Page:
Thank you for joining us for part two of our chat with author Trina Boice When we left off yesterday, Trina was telling us about the genealogy book she co-wrote with her sister. If you missed that, you can click here to get caught up.
Trina, thank you for joining us again. You’ve also written a book called “Sabbath Solutions.” What is that about?
Do you ever hear your kids complain “There’s nothing good to do on Sundays?” Well, I heard that about every seven days, to be exact! I decided to prove my kids wrong and told them I could think of one hundred “good” things to do on Sunday and still keep the Sabbath Day holy. My list actually ended close to five hundred. I realized that I probably wasn’t the only mom who struggled with helping her kids keep the commandment! My publisher loved the idea (he has five children himself) and the book was born.
The first part of the book I call a “doctrinal approach” where I analyze the commandment, look at the Lord’s dealings with man throughout history on the subject, and uncover some of the rich symbolism embedded in the Sabbath Day. The second part of the book I call “practical application” where I include a brainstorm of ideas for people of all ages of things they can do, rather than can’t do, on the Sabbath Day to make it more meaningful and holy. Of course, how you interpret the commandment is quite a personal thing, so I included tons of scriptures and prophetic quotes to help give readers more guidelines to help them decide which activities bring them closer to the true meaning of this commandment, which has ultimately been given to us to bless our lives.
I notice that you have compiled books for Latter-day Saints with ideas for Enrichment nights, Young Women, ward activites, and Activity Days. I’m sure these have been well received. Can you tell us more about them?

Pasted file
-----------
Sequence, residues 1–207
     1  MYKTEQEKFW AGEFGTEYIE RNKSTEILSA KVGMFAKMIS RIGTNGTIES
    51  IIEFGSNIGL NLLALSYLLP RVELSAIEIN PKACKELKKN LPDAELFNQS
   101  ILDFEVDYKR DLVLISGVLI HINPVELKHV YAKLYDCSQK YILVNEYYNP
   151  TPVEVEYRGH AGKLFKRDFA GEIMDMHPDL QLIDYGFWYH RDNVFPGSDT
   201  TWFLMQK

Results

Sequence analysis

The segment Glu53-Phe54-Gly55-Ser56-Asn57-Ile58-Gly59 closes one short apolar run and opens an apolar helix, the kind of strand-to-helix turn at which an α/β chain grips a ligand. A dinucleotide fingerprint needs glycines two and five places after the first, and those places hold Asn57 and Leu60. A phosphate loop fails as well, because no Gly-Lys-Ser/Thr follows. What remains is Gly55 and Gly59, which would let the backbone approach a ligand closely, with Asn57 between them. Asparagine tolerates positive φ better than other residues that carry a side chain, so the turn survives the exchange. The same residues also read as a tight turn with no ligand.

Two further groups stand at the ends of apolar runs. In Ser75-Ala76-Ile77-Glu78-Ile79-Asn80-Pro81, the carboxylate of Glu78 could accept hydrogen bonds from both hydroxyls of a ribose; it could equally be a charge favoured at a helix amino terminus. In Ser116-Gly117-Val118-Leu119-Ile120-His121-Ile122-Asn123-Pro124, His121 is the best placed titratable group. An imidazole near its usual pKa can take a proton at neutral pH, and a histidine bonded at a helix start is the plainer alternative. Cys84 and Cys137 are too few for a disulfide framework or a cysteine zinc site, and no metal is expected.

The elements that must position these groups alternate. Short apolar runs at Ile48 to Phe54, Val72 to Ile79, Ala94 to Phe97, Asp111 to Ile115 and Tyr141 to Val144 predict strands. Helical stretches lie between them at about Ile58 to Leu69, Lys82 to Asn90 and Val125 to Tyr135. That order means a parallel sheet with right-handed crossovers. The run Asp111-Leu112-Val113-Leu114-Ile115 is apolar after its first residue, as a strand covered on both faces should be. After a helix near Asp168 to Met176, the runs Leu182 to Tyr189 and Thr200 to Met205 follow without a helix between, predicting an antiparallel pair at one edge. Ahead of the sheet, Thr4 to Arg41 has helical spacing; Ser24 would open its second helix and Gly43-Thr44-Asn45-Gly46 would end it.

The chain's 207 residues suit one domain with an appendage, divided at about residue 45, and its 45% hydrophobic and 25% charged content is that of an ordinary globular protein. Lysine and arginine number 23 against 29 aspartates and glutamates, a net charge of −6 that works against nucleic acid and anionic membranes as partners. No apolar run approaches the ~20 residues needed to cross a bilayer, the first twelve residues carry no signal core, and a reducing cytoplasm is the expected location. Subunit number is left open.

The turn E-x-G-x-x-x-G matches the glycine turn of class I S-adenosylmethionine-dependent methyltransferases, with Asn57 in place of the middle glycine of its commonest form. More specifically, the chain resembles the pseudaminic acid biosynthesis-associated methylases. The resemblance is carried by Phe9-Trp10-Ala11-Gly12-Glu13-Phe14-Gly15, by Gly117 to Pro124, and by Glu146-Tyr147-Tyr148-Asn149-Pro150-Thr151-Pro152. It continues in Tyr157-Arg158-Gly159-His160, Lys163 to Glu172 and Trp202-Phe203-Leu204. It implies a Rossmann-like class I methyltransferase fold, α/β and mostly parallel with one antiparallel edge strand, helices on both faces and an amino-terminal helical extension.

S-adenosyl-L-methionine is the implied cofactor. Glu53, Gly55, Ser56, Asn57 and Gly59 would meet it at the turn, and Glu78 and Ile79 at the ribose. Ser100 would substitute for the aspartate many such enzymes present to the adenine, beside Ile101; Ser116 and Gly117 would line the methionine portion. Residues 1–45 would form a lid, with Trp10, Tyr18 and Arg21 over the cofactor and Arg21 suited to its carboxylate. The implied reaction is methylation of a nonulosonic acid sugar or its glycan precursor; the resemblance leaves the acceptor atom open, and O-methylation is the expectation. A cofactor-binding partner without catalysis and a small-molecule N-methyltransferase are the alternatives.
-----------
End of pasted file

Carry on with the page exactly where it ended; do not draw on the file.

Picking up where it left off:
Yes, they’ve all been huge hits and a lot of fun to write! They are meant to help members of the church know how and want to magnify their callings. The books contain a gigantic brainstorm of ideas, designed to help get the reader’s own creative juices flowing. Each book also contains an entire chapter that lists web sites, books, music, organizations and other places where they can go to get even more ideas and help. I want to write books that inspire, uplift and help people want to be more valiant Latter-day Saints and more effective Christians.
What are your plans for future projects? Any new books on the horizon?
I’m always working on several manuscripts at a time. That is, until I have a looming deadline and then I focus on that one book exclusively. Right now I’m working on a Cub Scout book that will help LDS Primary leaders and parents with ideas that incorporate the Faith in God program goals. I’m also working with a wonderfully talented friend on a great resource book for service project ideas that will include specific patterns for crafting projects, as well as a directory that includes national organizations that people can connect with to work on projects in their area of interest or expertise. I’m also working on a book inspired by the “Deals That Are Nifty by Sister Thrifty” consumer e-newsletter I’ve been sending out to subscribers for five years. People always ask me to write a creative dating book and a book of ideas for Visiting Teachers, so those two are slowly taking shape as well. There are dozens more on the back burner. So much to write, so little time! I have a few national book manuscripts floating around out there, so we’ll see if they ever make it to the book shelf at a store near you.
Well, I sure hope they do! I wonder if you plan to stick with nonfiction or if you have any plans to write fiction?
I’m really a non-fiction kinda girl. I love to become enveloped by a good novel, but I find myself reaching for the non-fiction books more often because I want to learn about so many topics. I’m so impressed with authors who can create entire imaginary worlds in their fiction books. I would love to be able to do that, but that seems really hard to me right now. Non-fiction ideas come much easier into my brain. I’d like to think there is an awesome fiction story hiding inside me, but I think it’s buried underneath many layers of non-fiction books that still have to be uncovered and written first.
We’ll continue our chat with Trina Boice on Monday. In the meantime, you can visit her site to learn more about her.